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High temperature oxidation of low carbon steels containing residual copper Kumar, Dilip

Abstract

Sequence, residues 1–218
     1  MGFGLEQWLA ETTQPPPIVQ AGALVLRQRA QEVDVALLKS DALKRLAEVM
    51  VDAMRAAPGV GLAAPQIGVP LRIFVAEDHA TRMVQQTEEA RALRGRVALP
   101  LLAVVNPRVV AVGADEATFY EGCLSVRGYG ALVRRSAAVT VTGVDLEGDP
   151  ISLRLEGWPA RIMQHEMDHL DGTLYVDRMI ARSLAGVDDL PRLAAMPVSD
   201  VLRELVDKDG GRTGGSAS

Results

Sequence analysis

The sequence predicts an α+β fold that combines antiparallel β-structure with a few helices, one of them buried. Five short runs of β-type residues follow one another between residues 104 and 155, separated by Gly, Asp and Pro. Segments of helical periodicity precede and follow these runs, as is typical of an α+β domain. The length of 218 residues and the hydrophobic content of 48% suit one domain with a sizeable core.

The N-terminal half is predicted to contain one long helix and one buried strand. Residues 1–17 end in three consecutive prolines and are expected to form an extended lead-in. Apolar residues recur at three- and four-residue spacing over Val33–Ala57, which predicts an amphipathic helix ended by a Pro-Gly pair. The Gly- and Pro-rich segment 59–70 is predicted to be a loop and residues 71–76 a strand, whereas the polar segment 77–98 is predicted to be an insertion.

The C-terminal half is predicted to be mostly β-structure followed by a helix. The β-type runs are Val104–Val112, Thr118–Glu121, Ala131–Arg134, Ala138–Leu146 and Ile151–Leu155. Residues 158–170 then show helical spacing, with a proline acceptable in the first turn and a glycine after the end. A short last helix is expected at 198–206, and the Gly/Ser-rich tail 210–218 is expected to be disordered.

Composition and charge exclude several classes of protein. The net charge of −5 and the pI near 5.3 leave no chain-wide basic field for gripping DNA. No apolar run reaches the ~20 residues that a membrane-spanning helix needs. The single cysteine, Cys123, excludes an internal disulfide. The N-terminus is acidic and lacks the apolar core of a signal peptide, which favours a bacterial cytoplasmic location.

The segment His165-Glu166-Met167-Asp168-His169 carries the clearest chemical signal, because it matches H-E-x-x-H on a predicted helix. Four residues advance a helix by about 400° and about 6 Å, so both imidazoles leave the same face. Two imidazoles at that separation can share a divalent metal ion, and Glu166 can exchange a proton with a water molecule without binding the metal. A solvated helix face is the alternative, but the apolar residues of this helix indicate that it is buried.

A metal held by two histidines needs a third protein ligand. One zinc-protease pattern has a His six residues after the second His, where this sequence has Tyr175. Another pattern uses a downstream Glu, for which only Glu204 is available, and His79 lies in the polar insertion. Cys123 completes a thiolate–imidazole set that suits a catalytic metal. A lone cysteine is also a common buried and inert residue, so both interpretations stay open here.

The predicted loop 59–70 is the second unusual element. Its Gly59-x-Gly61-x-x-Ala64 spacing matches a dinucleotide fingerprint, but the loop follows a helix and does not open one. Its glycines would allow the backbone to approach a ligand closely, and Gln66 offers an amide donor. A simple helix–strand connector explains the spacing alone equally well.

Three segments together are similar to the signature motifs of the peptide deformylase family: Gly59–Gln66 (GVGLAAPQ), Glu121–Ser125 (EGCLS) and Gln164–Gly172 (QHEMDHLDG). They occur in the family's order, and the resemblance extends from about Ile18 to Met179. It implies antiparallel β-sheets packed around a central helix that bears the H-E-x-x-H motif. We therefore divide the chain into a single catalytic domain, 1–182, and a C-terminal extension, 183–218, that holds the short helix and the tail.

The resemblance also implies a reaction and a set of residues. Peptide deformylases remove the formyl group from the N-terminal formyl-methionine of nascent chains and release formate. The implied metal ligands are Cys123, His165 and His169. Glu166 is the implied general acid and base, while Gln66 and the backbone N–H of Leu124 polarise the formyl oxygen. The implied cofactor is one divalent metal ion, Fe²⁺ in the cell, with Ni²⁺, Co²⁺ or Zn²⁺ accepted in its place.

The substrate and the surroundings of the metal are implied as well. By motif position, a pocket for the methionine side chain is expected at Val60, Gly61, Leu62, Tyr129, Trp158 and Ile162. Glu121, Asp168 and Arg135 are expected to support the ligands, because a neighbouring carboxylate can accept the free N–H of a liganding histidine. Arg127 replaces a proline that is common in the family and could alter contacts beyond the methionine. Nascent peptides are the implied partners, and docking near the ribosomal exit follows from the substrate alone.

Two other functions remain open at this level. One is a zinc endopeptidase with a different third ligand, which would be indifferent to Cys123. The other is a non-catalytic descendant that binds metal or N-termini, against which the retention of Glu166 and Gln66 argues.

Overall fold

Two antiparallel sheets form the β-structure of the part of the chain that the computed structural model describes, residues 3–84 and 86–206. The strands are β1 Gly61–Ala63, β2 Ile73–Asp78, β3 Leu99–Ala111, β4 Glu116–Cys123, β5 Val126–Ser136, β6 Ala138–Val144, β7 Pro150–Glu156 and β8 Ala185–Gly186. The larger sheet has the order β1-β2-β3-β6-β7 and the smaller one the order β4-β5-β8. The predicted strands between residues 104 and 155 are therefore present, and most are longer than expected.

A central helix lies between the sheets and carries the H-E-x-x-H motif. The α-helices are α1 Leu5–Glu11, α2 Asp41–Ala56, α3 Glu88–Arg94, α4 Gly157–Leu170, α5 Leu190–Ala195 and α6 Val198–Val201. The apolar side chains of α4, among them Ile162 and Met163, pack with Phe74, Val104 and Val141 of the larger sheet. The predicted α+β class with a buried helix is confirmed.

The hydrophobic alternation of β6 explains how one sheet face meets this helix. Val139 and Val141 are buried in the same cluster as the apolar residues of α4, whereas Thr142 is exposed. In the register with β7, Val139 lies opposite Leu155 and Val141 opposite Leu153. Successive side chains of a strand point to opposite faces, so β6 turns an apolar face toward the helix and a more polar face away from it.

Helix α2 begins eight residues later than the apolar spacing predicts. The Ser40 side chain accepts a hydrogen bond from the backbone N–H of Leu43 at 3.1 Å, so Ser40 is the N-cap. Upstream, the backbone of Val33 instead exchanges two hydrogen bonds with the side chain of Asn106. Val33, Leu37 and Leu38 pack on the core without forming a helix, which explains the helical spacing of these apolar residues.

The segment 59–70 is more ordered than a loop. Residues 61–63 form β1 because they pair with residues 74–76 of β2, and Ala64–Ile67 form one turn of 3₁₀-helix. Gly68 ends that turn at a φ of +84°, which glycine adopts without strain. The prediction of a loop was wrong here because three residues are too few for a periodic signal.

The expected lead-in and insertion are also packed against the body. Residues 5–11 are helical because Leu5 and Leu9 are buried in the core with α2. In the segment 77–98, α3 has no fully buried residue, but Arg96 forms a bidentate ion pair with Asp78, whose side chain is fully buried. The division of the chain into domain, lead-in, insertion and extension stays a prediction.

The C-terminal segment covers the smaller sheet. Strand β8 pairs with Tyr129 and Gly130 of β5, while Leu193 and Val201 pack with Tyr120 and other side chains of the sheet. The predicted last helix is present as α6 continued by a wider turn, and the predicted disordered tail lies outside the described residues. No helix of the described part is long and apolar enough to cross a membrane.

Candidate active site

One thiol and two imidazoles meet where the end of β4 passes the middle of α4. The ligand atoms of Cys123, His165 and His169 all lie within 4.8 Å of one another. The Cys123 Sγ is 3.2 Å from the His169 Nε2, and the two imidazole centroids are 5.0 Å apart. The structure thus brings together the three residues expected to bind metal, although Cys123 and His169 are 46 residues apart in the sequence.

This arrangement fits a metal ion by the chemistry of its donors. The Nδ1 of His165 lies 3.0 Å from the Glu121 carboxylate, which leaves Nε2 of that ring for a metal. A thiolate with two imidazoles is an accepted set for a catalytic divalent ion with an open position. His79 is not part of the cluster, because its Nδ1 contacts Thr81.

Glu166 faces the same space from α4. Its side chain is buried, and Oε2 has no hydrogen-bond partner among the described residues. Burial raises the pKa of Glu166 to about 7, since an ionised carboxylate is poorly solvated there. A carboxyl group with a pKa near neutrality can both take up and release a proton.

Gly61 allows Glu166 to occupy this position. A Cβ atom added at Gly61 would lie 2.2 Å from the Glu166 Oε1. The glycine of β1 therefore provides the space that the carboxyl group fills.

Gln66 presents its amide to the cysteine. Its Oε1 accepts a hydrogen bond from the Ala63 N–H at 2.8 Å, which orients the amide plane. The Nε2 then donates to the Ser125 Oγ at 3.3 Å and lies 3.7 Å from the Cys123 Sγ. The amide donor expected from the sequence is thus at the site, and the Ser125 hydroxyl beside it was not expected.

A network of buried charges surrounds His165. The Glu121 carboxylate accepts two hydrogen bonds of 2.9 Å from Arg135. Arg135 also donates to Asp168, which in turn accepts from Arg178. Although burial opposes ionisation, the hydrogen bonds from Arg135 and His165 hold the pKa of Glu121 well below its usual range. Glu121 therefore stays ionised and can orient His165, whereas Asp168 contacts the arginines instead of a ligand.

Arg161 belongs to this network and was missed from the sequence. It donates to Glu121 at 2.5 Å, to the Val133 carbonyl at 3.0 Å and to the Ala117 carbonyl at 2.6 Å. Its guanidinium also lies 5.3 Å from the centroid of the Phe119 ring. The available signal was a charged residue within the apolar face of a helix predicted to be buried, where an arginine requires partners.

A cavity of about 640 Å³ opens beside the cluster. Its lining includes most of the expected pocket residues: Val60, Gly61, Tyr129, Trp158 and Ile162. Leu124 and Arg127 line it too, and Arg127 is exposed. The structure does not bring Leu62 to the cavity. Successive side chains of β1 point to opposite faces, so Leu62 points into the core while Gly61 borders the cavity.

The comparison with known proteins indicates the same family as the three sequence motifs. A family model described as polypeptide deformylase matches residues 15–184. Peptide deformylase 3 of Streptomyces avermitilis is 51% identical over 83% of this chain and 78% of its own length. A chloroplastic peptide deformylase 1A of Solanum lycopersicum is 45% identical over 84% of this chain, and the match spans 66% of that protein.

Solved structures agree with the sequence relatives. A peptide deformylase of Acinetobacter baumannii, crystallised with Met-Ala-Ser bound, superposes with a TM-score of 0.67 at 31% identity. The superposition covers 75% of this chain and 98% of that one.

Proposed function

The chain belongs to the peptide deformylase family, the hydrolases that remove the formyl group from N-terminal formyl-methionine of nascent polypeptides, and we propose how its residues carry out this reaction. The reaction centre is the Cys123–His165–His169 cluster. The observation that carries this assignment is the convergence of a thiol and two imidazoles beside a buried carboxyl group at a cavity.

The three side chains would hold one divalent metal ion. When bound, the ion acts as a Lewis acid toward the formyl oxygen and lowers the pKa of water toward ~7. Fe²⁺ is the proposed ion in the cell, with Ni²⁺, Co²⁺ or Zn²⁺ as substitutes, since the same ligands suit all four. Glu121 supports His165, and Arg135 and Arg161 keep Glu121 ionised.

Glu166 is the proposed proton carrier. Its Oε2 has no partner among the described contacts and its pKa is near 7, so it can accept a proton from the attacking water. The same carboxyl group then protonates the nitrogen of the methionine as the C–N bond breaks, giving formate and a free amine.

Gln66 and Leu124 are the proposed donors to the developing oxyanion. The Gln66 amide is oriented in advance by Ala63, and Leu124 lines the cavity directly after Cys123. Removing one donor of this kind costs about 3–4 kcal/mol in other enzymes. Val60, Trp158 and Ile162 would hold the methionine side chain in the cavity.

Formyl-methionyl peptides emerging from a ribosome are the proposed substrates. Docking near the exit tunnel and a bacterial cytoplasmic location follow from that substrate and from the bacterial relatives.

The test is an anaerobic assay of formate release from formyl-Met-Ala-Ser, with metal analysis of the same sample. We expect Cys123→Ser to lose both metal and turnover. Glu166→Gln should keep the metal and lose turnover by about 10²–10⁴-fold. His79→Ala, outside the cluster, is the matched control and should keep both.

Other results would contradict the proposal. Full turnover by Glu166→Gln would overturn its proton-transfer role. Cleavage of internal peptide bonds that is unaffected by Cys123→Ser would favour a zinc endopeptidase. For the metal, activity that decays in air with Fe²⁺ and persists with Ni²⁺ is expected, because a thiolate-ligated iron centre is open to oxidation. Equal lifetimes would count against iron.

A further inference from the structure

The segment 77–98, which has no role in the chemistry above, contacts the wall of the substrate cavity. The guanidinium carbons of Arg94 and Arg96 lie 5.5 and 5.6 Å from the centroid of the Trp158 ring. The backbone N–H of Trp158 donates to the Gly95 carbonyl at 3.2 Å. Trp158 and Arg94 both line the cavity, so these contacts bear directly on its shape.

Oxidation studies were carried out on low carbon steels containing 0.2%, 0.39% and 0.78% (wt) Cu at temperatures 1000°, 1100°, 1200° and 1275°C for times 5 minutes to 2 hrs in air. Oxide growth curves were plotted from the weight gain data. The scale surfaces were examined under optical microscope as well as SEM. Analyses by EDX, XRD as well as XPS were also performed on a few of them. Cross-sectional examination of samples was carried out under SEM in order to study the Cu enrichment at the substrate surface. The growth curves displayed parabolic behavior in general, even during the early stages of oxidation. However, the parabolic rate constants dropped to lower values after a certain time at 1200°C as well as 1275°C. Usually, the scale was adherent in the beginning. However, it became detached from the substrate with passage of time. Decreasing Cu content and decreasing temperature enhanced the scale detachment. Oxide surfaces in the steels oxidized for times 1 hour or less exhibited growth of whiskers of CuFe2O4 spinels over the scale comprising mainly of FeO. Increasing temperature increased the diameters of whiskers marginally and decreased their lengths. Increasing Cu reduced the growth of whisker. The whiskers disappeared from scale surface when the steel was oxidized for 2 hours and what remained afterwards on the surface consisted only of Fe2O3 crystals. Enrichment of Cu was observed at the oxide-metal interface and the grain boundaries close to the steel surface even in the early stages of oxidation at all temperatures. However, the enriched phase at the surface was discontinuous and separated from the substrate at 1000°C. Grain boundary enrichment of Cu was very marginal at 1000°C. At 1100°C, the size of Cu rich phase increased for lower Cu levels (e.g. 0.22% and 0.39%). However, this phase remained discontinuous and separated from substrate for these steels. On the other hand, a continuous layer of Cu was observed at the surface at most of the locations for 0.78% Cu steel. Additionally, there were locations near the interface devoid of any surface enrichment but accompanied by penetration of grain boundaries by the enriched layer. Increasing the temperature above 1100°C caused enhanced internal oxidation of Si, Mn and Fe. Increasing the time of oxidation accentuated this process. Increasing the time also increased the Cu content of the enriched layer at both 1000°C as well as 1100°C. The thickness of the enriched phase also increased with time. Increasing temperature too, had a similar effect. However, increasing the time to 2 hours at 1200°C and 1275°C caused the thickness of highly enriched layer to decrease. No penetration of grain boundaries by the enriched phase was observed at 1200°C and 1275°C.

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